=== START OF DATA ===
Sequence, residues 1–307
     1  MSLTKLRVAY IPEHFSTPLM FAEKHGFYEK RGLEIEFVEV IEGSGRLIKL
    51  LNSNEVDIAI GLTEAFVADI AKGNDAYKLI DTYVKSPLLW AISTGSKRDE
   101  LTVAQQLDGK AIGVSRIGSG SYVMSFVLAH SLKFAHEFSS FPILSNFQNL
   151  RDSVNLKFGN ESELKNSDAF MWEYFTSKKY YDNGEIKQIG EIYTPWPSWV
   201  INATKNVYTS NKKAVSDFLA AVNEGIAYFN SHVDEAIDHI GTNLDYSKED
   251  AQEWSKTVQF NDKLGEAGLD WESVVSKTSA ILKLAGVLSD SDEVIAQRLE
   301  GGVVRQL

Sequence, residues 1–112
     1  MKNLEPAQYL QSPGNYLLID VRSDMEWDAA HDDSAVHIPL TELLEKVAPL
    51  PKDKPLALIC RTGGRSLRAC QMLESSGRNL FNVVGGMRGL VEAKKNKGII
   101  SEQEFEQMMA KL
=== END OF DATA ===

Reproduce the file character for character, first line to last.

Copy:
Sequence, residues 1–307
     1  MSLTKLRVAY IPEHFSTPLM FAEKHGFYEK RGLEIEFVEV IEGSGRLIKL
    51  LNSNEVDIAI GLTEAFVADI AKGNDAYKLI DTYVKSPLLW AISTGSKRDE
   101  LTVAQQLDGK AIGVSRIGSG SYVMSFVLAH SLKFAHEFSS FPILSNFQNL
   151  RDSVNLKFGN ESELKNSDAF MWEYFTSKKY YDNGEIKQIG EIYTPWPSWV
   201  INATKNVYTS NKKAVSDFLA AVNEGIAYFN SHVDEAIDHI GTNLDYSKED
   251  AQEWSKTVQF NDKLGEAGLD WESVVSKTSA ILKLAGVLSD SDEVIAQRLE
   301  GGVVRQL

Sequence, residues 1–112
     1  MKNLEPAQYL QSPGNYLLID VRSDMEWDAA HDDSAVHIPL TELLEKVAPL
    51  PKDKPLALIC RTGGRSLRAC QMLESSGRNL FNVVGGMRGL VEAKKNKGII
   101  SEQEFEQMMA KL